Dear Carolyn • From what my daughter's boyfriend has told me of his childhood, his mom sounds cold, unloving, even borderline abusive. He's quick to reassure me that she's changed since then. But I can't unhear what I've heard. I know the default is to be cordial when I meet her and give her the benefit of the doubt, but how do I handle it if she puts him down in my presence?
Dear Uncharted Territory • First, how to handle what you've heard, and second, how to handle what you witness. For the former I recommend, yes, the benefit of the doubt, but you can't half-heart it, or else you'll take the slightest of her transgressions as license to believe the worst.
Page through your memories of raising your daughter, and fix on a couple of your lowest moments. Times you yelled, times you acted selfishly, times you said something mean. Now imagine your daughter spinning these tales for a therapist. Yikes.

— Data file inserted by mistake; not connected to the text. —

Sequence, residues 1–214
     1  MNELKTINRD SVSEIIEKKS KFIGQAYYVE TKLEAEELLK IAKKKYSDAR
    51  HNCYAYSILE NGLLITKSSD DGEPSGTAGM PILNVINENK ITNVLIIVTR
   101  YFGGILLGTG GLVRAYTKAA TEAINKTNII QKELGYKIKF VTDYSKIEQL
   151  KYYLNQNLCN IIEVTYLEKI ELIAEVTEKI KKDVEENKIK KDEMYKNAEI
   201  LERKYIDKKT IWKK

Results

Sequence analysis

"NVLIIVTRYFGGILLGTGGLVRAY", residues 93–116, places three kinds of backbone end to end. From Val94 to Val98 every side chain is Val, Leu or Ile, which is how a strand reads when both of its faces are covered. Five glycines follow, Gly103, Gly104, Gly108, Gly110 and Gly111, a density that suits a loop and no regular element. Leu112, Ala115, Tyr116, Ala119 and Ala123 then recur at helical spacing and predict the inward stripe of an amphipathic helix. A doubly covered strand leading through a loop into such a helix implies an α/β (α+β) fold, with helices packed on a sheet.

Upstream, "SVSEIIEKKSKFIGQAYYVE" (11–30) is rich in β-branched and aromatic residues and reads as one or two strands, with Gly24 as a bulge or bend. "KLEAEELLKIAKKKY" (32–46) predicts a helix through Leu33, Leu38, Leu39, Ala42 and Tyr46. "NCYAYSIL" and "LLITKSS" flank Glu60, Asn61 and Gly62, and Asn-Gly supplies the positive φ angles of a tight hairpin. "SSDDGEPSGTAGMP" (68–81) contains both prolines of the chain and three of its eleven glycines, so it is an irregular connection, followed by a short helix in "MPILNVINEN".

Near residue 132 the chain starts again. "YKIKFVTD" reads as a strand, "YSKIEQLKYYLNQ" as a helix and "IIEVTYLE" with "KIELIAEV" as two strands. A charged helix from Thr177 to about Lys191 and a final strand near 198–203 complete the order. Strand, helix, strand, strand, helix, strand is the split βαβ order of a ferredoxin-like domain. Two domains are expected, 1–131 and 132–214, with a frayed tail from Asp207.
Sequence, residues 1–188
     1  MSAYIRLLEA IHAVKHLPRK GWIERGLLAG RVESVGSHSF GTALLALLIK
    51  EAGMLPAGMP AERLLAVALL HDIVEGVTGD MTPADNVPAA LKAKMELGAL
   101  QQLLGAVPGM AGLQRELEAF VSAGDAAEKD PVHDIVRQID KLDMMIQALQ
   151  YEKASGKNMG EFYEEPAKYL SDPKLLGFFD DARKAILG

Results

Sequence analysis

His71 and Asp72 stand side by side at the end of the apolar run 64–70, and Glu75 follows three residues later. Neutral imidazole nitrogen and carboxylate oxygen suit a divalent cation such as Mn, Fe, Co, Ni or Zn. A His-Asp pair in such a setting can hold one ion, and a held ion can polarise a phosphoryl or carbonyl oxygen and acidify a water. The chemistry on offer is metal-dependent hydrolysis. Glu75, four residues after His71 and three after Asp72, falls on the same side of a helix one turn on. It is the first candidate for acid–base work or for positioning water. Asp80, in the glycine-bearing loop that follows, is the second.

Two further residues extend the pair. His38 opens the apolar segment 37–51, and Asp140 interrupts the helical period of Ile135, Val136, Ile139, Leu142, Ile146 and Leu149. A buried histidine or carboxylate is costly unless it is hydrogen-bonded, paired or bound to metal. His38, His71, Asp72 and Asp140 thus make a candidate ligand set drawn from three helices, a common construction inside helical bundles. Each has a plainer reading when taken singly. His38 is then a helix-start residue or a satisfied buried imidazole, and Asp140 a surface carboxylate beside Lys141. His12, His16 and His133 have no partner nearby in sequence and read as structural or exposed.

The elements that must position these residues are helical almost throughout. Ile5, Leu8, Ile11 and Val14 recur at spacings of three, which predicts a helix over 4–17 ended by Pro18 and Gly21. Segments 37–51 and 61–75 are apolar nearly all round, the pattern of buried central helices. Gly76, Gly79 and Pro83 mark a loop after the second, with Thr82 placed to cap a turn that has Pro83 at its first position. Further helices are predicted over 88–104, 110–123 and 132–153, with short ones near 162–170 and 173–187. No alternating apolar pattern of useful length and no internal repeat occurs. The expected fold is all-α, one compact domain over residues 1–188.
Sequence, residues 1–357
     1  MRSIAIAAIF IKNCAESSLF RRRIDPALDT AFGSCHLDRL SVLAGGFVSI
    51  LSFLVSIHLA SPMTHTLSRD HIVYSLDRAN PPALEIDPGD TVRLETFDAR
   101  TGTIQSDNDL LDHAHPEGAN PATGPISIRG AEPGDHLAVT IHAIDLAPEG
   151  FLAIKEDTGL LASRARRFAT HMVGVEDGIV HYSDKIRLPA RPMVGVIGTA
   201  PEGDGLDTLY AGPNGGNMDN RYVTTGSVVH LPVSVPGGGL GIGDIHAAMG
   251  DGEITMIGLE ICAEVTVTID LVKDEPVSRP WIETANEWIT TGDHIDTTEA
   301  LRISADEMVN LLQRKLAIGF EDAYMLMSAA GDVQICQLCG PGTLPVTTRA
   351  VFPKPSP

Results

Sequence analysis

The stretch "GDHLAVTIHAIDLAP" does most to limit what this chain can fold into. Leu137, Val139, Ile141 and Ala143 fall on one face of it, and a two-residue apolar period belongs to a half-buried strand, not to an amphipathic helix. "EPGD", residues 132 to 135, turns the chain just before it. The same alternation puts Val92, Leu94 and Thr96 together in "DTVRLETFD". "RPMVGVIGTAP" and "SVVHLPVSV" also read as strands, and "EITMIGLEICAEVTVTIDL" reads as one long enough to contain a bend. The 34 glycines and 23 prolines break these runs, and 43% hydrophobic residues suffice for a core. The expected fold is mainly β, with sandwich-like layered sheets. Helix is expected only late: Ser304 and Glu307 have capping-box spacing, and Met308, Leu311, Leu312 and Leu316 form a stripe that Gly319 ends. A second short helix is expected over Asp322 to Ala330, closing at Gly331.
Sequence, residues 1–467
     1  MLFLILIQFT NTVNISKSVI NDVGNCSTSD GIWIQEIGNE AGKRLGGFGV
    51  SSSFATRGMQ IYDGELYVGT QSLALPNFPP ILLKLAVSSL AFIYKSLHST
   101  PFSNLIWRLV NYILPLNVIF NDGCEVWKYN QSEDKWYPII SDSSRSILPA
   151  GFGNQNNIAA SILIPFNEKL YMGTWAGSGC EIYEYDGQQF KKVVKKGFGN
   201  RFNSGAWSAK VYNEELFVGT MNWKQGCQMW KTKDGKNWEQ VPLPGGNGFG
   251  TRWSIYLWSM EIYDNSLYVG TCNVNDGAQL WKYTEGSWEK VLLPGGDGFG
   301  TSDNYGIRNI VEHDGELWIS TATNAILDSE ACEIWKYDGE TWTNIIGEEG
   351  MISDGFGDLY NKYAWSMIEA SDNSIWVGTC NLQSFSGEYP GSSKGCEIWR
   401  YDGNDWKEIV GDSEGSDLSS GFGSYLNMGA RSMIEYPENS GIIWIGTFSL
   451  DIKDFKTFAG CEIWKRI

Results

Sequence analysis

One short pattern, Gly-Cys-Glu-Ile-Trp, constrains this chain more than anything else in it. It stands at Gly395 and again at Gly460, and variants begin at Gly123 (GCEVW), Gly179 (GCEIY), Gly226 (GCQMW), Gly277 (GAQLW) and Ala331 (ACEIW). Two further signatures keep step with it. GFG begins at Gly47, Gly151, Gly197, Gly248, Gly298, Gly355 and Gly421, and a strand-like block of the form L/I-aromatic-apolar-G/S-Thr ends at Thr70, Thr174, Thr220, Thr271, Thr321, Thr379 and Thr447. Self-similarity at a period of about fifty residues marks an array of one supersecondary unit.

You may know these were deeply regretted exceptions, typical and human, but you also need to know that, if phrased just-so to someone who wasn't there and doesn't know you, these could paint a scary picture of you. Of anyone.
Dear Carolyn • Often when my girlfriend calls me or I call her while she is with family or friends, she will announce that she has put me on speaker phone, at which point I am expected to converse with whoever happens to be in the room. I find it annoying, and I've expressed this to my girlfriend. She in turn finds it annoying that I am not more enthusiastic about speaking with her friends. Which of us is on the right side of etiquette, in your opinion?
Dear D. • You're trying to have a say in what you do, even if your methods might be problematic. She, meanwhile, is trying to have a say in what you think and feel, which is a boundary violation. It's also bad for a relationship. Usually the best way to handle behavior as boorish as hers is not to put up it anymore.
Carolyn Hax's column runs Mondays, Wednesdays and Fridays.